The Archdiocese of Chicago sold its Kenwood mansion for nearly $1 million below its original asking price, at a time when the church is drastically downsizing and as the housing market continues to see growing demand.
The 11,000-square-foot Greenwood Avenue mansion sold for $1.57 million, according to Crain’s. That was a deep discount from its $2.35 million price tag from two years ago.
Built in 1889, the three-story, red-brick home was originally built for D.F. Bremner, founder of the Bremner Biscuit Co. and an integral force in the rebuilding of Chicago after the Great Fire of 1871.
Former President Barack Obama and his wife Michelle Obama live on the same block, according to the report.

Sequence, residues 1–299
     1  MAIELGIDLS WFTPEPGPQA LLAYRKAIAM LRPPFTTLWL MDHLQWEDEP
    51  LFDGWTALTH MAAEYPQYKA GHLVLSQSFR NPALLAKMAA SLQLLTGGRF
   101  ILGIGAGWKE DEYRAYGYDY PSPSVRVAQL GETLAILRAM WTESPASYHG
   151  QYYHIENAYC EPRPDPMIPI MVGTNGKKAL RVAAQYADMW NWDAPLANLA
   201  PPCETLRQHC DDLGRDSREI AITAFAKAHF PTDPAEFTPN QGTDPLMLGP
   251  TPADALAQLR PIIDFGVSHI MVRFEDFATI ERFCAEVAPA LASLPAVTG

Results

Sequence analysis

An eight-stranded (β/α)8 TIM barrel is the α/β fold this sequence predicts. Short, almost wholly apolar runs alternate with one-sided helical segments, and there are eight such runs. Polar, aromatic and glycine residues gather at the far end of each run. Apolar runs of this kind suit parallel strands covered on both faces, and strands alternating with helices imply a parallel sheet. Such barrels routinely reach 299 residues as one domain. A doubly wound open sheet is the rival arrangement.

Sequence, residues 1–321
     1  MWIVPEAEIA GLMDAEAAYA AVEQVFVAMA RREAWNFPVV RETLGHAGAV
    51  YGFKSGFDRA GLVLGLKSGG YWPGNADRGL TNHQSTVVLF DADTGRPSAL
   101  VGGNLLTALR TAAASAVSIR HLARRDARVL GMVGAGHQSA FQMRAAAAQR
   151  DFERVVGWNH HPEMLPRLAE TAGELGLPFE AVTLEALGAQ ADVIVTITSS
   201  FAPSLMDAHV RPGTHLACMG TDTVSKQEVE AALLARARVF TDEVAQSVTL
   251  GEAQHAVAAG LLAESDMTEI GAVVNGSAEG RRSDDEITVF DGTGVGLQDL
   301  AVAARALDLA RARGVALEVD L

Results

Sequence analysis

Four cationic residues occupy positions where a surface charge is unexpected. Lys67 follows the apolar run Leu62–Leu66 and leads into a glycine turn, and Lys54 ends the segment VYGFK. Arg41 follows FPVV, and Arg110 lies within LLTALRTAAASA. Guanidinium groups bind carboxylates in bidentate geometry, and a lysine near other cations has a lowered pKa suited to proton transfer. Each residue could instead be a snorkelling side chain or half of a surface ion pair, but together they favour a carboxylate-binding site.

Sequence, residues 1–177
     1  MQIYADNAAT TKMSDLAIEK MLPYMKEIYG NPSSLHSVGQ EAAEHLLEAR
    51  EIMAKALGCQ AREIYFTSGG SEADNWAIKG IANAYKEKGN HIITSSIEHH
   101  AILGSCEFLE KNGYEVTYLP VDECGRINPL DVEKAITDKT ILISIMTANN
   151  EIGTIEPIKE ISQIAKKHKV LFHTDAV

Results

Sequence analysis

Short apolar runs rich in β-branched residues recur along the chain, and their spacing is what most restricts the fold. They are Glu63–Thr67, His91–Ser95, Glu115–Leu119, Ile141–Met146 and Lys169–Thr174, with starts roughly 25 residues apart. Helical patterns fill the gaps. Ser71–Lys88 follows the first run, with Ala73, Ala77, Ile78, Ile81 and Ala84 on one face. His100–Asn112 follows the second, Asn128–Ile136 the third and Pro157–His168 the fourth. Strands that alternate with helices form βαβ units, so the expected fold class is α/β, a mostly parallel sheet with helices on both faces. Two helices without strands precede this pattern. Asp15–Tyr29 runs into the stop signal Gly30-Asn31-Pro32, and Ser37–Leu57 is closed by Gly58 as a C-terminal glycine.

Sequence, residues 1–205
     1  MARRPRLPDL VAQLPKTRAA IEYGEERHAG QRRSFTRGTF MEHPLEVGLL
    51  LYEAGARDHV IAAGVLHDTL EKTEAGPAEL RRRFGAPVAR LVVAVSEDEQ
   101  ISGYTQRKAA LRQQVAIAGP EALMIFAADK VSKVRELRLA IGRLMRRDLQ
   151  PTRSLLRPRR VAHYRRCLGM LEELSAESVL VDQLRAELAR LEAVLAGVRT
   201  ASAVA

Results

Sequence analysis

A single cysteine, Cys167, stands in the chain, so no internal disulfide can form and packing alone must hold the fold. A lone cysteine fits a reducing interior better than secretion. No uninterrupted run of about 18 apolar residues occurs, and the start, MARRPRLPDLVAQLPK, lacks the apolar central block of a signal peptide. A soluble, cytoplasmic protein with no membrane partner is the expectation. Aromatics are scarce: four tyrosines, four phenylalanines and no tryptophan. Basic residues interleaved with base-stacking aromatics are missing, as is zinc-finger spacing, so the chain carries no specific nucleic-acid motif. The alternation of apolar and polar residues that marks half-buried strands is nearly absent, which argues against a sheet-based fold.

Beginning in 1966, the six-bedroom home was the Chicago base for the Catholic Church’s Focolare Movement, whose stated mission is to foster unity among religious and nonreligious people.
The buyers are expected to remodel the home and a five-bedroom coach house that sits on the more than half-acre property, according to the report.
The sale is part of a sweeping downsizing in the Chicago Archdiocese, which has been underway since 2018. Dozens of churches and schools have been closed or merged as the church deals with extreme financial challenges. There has even been talk of selling the cardinal’s Gold Coast mansion. Much is tied to declining enrollments at schools and falling numbers of Mass participants – leading to flat Sunday collection plates. But the church is still dealing with hefty sex abuse settlement costs and higher pensions as it forces many older priests to retire.
[Crain’s] — Jennifer Waters